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Johannes BRAHMS (1833-1897)
Die schöne Magelone Op. 33 (1869) [57:30]
“Wundersame Liebesgeschichte der schöne Magelone und des Grafen Peter von Provence” mit Liedern Op.33 von Johannes Brahms [97:19]
Paul Armin Edelmann (baritone); Julia Stemberger (recitation); Charles Spencer (piano)
rec. 2011, Studio Tonal, Vienna (lieder); 20 November 2013, 4tune Studio, Vienna (recitation).
Full details at end of review
CAPRICCIO C5225 [3 CDs: 57:30 + 64:09 + 33:10]

This set contains two intimately related works of art, one a song-cycle on poems from a Romantic fairy story; the other a reading of the original story with those songs inserted at the moments where the original poems occurred. The cycle is a major work of Johannes Brahms, and the one from which most non-Germans probably feel the most distant, since we do not have the literary and cultural hinterland of Brahms’s audiences and their descendants. This release, a music CD and a 2-CD audiobook plus the music, can be seen as a way to grow as close to Brahms’s Op.33 as a non-German speaker can hope to. If you don’t know it, this cycle is worth a little trouble – it is not perhaps as immediately compelling as the great Schubert and Schumann cycles, but yields its beauties – and there are plenty – at a slower rate.

Brahms described his song-cycle Die schöne Magelone simply as “Romances from L. Tieck’s Magelone”. Ludwig Tieck (1773-1853) was an early Romantic poet, novelist, critic, translator and teller of fairy tales such as this “Wondrous Love Story of the beautiful Magelone and Count Peter of Provence”. It tells of Count Peter, a young knight who falls in love with a King’s daughter, the lovely Magelone, who agrees to elope with him. A curious incident - a fairy tale trope involving the sleeping Princess, three rings, a thieving Raven and not a little erotic confusion - separates them when they are about to take ship. Magelone becomes a shepherdess while Peter is held prisoner in the Palace of a Sultan. He escapes by pretending to elope with the Sultan’s daughter and after years of separation is eventually happily reunited with Magelone.

Tieck’s prose text has 17 poems embedded in it of which Brahms set 15, but heard out of their context they tell little of this tale. The songs were not all initially published at once, and Brahms said he did not even think of Tieck’s tale when setting the poems. Yet it has become regarded as a cycle nonetheless, usually performed and recorded complete. Brahms resisted the option of performing this substantial hour-long cycle with attendant readings of the related prose, though that is occasionally done in Germany, where Tieck is lauded as a founding father of German Romanticism. For many of us though, some form of narrative link is needed for a proper appreciation. In the age of recording this is easily provided in the booklet notes. Here though we have the whole tale, read by an actress on CDs 2 and 3 with the songs heard a second time “in context”. The first CD has just the songs, in the same performance.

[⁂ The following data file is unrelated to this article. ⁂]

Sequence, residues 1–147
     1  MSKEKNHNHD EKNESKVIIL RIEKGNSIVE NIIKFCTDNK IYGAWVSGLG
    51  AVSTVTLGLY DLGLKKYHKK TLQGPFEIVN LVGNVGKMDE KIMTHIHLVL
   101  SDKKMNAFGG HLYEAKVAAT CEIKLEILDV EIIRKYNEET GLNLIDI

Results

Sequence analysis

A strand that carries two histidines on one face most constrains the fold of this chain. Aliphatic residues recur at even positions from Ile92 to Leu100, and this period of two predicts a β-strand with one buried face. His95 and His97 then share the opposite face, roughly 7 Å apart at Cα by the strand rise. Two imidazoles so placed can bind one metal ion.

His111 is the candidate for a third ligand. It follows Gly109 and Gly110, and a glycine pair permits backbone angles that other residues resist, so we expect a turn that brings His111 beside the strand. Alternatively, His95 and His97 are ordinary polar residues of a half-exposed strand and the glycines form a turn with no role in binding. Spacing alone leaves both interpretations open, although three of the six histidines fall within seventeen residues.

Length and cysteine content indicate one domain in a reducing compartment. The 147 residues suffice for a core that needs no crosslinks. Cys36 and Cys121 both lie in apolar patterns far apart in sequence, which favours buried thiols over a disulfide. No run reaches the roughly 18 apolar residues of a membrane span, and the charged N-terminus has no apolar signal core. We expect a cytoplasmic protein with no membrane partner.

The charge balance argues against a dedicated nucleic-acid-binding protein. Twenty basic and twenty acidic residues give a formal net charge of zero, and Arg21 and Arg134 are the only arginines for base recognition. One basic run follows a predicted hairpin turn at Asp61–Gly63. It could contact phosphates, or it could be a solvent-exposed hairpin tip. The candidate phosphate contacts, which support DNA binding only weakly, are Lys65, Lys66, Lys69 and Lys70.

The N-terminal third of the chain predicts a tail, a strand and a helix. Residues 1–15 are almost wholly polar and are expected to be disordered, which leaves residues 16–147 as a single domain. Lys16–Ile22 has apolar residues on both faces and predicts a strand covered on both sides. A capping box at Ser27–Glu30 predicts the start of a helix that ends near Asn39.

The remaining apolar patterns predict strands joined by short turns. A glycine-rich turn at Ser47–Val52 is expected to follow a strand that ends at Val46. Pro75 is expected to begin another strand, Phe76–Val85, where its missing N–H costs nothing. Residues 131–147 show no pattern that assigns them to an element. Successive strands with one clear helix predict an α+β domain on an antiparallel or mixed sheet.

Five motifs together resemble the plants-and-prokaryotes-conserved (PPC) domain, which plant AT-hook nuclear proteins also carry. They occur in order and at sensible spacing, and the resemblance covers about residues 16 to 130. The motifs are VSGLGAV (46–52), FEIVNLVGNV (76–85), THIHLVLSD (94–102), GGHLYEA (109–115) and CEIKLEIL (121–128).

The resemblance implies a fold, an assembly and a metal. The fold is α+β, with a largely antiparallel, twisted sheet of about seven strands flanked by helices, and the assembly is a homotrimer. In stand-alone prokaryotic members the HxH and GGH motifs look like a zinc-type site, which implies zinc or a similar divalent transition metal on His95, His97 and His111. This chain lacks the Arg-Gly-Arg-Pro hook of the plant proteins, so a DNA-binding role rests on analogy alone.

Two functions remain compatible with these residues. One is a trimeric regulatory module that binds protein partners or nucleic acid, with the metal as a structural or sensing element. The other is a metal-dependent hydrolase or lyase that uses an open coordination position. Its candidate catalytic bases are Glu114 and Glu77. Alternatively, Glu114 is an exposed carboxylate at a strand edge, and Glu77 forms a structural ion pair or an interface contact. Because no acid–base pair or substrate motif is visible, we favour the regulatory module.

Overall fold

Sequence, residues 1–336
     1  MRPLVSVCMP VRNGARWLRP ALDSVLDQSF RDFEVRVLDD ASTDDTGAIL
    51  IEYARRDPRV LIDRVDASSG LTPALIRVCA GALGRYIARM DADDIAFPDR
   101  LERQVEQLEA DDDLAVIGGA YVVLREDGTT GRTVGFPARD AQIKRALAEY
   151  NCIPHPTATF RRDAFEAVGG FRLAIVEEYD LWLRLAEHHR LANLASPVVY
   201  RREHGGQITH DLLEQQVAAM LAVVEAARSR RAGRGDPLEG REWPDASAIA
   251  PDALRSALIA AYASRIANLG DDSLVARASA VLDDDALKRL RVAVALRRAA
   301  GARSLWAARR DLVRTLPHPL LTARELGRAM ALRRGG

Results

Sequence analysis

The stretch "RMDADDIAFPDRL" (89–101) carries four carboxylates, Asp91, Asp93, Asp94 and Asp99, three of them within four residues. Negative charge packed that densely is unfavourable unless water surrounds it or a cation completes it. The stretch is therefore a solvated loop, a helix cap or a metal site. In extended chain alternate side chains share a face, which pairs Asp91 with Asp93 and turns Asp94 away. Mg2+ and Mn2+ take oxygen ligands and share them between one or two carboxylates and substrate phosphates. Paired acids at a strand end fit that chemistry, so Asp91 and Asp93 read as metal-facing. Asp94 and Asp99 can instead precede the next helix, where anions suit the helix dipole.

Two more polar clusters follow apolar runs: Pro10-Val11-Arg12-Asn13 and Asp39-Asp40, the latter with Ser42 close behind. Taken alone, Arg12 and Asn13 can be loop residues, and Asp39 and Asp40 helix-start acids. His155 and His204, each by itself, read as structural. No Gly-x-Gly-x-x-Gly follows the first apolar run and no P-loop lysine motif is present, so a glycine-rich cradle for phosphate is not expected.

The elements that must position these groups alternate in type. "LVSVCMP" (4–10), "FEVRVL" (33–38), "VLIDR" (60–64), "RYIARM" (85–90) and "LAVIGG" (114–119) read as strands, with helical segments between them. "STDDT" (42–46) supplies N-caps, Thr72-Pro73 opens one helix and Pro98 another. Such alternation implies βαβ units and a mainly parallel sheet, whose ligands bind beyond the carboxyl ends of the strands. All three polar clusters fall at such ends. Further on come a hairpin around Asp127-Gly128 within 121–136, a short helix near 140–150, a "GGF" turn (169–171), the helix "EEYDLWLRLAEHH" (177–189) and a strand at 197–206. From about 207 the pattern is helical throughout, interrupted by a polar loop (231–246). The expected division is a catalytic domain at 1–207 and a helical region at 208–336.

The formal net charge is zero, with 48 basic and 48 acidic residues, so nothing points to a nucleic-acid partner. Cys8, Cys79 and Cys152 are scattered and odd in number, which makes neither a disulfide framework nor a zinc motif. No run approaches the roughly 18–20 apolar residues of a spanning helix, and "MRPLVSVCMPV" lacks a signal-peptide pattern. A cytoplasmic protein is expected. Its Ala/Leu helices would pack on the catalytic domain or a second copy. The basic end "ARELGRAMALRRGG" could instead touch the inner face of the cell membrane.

Paul Armin Edelmann, (son of Otto Edelmann, Karajan’s Baron Ochs in his EMI Der Rosenkavalier) is an established Austrian baritone in opera house, concert hall and recital room. He has a very good attractive voice and a solid technique – which is needed for this work - one that is particularly challenging to sing. Which is why many singers, according to Graham Johnson’s Hyperion booklet note for the piece, put it off “to another season, or even another lifetime”. Here we have a singer who can do justice to its varied demands and who has the cultural background and the native language to make everything sound idiomatic. He also has the range and stamina to sustain the more demanding songs, without compromising the quality of his tone, or his control of pace and rhythm. Tempi are traditional for the work, resulting in the standard running time for Op.33 of just over 57 minutes. Take any one song and Edelmann is its master. Perhaps over the whole sequence one could wish for still more variety of vocal colour, but then on disc we are really not obliged to hear the whole cycle at a sitting, since Brahms expected only a few of these songs to be done at a time. The accompaniment – though that is hardly the word for a piano part made for the fingers of the young virtuoso Brahms – is superbly done by the distinguished veteran Charles Spencer, and the sound is good, with just the right acoustic perspective for a song recital, as if from a centre-stalls seat in a small hall.